Psalm 136

Psalm 136[a]

Thanksgiving for the Creation and Redemption

1 [b]Give thanks to the Lord, for he is good,
for his love endures forever.
2 Give thanks to the God of gods,
for his love endures forever.
3 Give thanks to the Lord of lords,
for his love endures forever.
4 He alone works great wonders,
for his love endures forever.
5 [c]In his wisdom he made the heavens,
for his love endures forever.
6 He spread out the earth upon the waters,[d]
for his love endures forever.
7 He made the great lights,
for his love endures forever.
8 He made the sun to rule over the day,
for his love endures forever.
9 He made the moon and stars to rule the night,
for his love endures forever.
10 [e]He struck down the firstborn of Egypt,
for his love endures forever.
11 He led forth Israel from among them,
for his love endures forever.
12 He did so with a strong hand and outstretched arm,
for his love endures forever.
13 [f]He divided the Red Sea in two,
for his love endures forever.
14 Then he led Israel through its midst,
for his love endures forever.
15 But he swept Pharaoh and his army into the Red Sea,
for his love endures forever.
16 [g]Then he led his people through the wilderness,
for his love endures forever.
17 He struck down great kings,
for his love endures forever.
18 He slew powerful kings,
for his love endures forever.
19 Sihon, king of the Amorites,
for his love endures forever.
20 Og, king of Bashan,
for his love endures forever.
21 [h]He gave their land as a heritage,
for his love endures forever.
22 The heritage was for his servant Israel,
for his love endures forever.
23 The Lord remembered us in our wretched state,
for his love endures forever.
24 He rescued us from our enemies,
for his love endures forever.
25 [i]He provides food to every creature,
for his love endures forever.
26 Give thanks to the God of heaven,
for his love endures forever.

Footnotes

  1. Psalm 136:1 This psalm was for Israel the last of the “Great Hallel” psalms or, according to some Jewish authorities, the only Hallel psalm, the supreme song of praise. Associated with the great annual feasts, especially with the Feast of Passover, it is made up of exclamations of gratitude to God (accompanying a list of his wonders) and of enthusiastic assents from the crowd. In this list there are three great wonders that are never separated in Israel. First, the creation and life of the world (vv. 5-9). Next, the deliverances worked by God for Israel: the Exodus from Egypt (vv. 10-12), the passage through the Red Sea (vv. 13-15), the sojourn and victories in the wilderness (vv. 16-20), and the Conquest of the Promised Land (vv. 21-24). Finally, God’s solicitude for every living being, the grace of the bread for each day (v. 25). As it goes through this list of favors, Israel sings of God’s merciful love.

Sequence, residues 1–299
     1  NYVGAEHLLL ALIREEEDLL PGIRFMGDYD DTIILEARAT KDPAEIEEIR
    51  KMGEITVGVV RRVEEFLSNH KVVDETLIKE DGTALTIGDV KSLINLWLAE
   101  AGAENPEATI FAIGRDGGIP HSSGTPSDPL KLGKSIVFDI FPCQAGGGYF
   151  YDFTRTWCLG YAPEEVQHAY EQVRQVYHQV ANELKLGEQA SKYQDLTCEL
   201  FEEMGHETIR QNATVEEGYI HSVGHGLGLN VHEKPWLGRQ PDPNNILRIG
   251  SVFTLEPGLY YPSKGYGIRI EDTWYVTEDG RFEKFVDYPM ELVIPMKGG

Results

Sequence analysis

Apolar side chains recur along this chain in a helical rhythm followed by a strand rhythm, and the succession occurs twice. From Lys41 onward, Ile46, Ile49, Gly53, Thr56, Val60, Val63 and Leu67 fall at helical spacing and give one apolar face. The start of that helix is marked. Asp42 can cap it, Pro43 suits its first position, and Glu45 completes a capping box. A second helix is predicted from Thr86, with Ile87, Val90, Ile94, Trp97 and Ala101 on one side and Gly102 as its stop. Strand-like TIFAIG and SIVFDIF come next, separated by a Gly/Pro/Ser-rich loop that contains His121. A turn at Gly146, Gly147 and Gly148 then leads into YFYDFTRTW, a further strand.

Such a psalm could not fail to become a favorite of the Church for the Easter Vigil. By his Passion and Resurrection, Christ has given life to a new world; human beings are snatched from slavery to sin and advance in their earthly pilgrimage to become the people reunited around God in the new Promised Land, the kingdom of heaven. In the accents of the Great Hallel, Christians thus sing of the Passover of the world.
  2. Psalm 136:1 The words give thanks here mean “confess” or “acknowledge” (see Lev 5:5; Prov 28:13) and therefore, call us to grateful worship indicating what we know of God’s glory and his deeds. Since he is the God of gods and the Lord of lords (see Deut 10:17), he alone is to be thanked for all the acts in creation and redemption (see Ps 72:18; Ex 15:11).
  3. Psalm 136:5 The psalmist here brings together two Old Testament treatments of the creation theme: that of Proverbs, which speaks of the understanding and wisdom (v. 5) presupposed by creation (see Prov 3:19f; 8:1, 22-31; see also Ps 104:24; Jer 10:12), and that of Genesis, which gives the account of it (Ps 136:6-9: see Gen 1:9f, 16-18).
  4. Psalm 136:6 Upon the waters: see Ps 24:2.
  5. Psalm 136:10 Of the many wonders during the Exodus from Egypt, the psalmist mentions the tenth plague (see Pss 78:51; 105:36; 135:8) and the Lord’s strong hand and outstretched arm, a metaphor for God’s great and personal strength in favor of his people (see Ex 6:1, 6; Deut 4:34).
  6. Psalm 136:13 At the Red Sea, the Lord discredited Pharaoh and his forces by judging them (see Ex 14:27), while he rescued his people (see Ps 106:7ff; Ex 4:23).
  7. Psalm 136:16 The Lord guided his people through the wilderness (see Deut 8:15; Jer 2:6; Am 2:10) and won victories for them. He struck down the great and mighty kings like Sihon and Og (see Ps 135:11; Deut 2:30ff; 3:1), who are representative of a long number of Canaanite kings. Verses 17-22 are practically identical with Ps 135:10-12.
  8. Psalm 136:21 God was with his servant Israel during the Conquest of the Promised Land, which became their heritage (see Ps 135:12), as well as from that time till the present. The Lord’s remembrance is based on the covenant and is intended to effectively bring out the complete redemption of his afflicted people (see Ex 6:5).
  9. Psalm 136:25 Finally, it is the Lord who provides daily bread for all his creatures; therefore, all should praise him. God of heaven: an expression current during the Persian epoch (see Ezr 1:2; 5:11; 6:9; Neh 1:5; 2:4) that became classic (see Jud 5:8; Dan 2:18).

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